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A Reflection for Labour Day Weekend.

By David Poultney in Sermons

the struggle for worker's rights isn't over

Much of the world celebrates Labour Day, however it may be called, on 1st May. For some that this became a major public celebration in the USSR and the Communist bloc tainted it somewhat. Without cause I think. May 1st in Aotearoa New Zealand is decidedly in autumn, our late October celebration is of course subject to the vagaries of the Southern Spring. However it is worth taking this day to reflect on the progress made and the progress yet to be made in the rights of workers.
The economy changes all the time, we have seen it adapt and sometimes fail in the face of the Covid Pandemic. We think how in recent years some jobs we utterly took for granted have reduced greatly in number and how jobs in apparently secure careers have proved to be anything but. There are far fewer people employed as bank clerks or posties, did you ever imagine mail only being delivered every other day?
Think of some of the jobs which have proliferated in the pandemic in delivering food and a range of goods we might normally purchase directly from shops. How secure are these jobs? What rights do these workers have? We hear of workers in Amazon warehouses in the United States who end up wearing adult diapers because they cannot take a toilet break. In some parts of the world there are problems delivering goods because the terms and conditions lorry drivers work under are unappealing.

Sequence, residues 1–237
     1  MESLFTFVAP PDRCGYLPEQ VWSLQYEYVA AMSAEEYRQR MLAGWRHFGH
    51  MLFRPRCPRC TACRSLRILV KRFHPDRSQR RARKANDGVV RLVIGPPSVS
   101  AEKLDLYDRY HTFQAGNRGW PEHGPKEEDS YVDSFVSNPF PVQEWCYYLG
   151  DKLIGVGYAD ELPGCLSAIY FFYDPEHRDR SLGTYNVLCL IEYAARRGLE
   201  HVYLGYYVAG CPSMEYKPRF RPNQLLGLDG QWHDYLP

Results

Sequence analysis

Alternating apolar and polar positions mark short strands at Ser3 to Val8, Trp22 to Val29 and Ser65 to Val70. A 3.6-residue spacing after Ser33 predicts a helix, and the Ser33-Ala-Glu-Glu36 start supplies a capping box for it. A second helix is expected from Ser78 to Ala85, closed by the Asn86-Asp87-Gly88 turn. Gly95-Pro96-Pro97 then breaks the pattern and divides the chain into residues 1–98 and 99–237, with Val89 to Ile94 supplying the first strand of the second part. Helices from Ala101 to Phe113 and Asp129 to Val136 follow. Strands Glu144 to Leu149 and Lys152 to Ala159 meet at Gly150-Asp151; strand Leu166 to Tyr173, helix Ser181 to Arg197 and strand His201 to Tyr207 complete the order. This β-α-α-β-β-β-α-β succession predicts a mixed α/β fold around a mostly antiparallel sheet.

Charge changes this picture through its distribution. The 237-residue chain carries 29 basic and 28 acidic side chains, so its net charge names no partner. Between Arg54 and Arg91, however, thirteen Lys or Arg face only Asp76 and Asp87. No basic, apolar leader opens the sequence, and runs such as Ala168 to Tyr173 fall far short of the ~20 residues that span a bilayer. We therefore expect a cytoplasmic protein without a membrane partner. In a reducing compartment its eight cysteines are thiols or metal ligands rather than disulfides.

The struggle for worker’s rights isn’t over. Yet if your social concerns were gained simply from what you hear in churches up and down the land you might never know. That I am afraid is true of some Methodist churches where concern for a private spirituality, a me and my God Christianity, has displaced any sense of what Methodists call social holiness. An enacting of righteousness in society, love expressed in the form of justice.
From time to time Methodists have expressed this conviction through the issuing of Social Principles, this is a form of them from our own denomination you may be familiar with.
1) The sacredness of human personality and the equal value of all men and women in the sight of God.
2) Adequate opportunities of employment for all those willing and able to work, and reasonable standards of living for those, who because of age or infirmity, are not able to work.
3) The co-operation of employers and employees for the benefit of the community.
4) The duty of all to render conscientious service, the condemnation of scamped work, of sweated labour and of consumer exploitation.
5) The right to a just return for services rendered and the right to good housing, and a healthy environment.
6) The wise use and careful conservation of the world’s physical resources.
7) The removal of the root causes of poverty, unemployment and war.
8) The promoting of social and industrial reforms by lawful means.
9) The right to freedom of conscience, constitutional liberty, secrecy of the ballot and access to the Courts.
10) Christian influence in politics and civic affairs.
11) The conviction that the Gospel of our Lord Jesus Christ contains the message that will promote effectively the regeneration of reconstruction of society.
I leave these with you for your reflection this long weekend David Poultney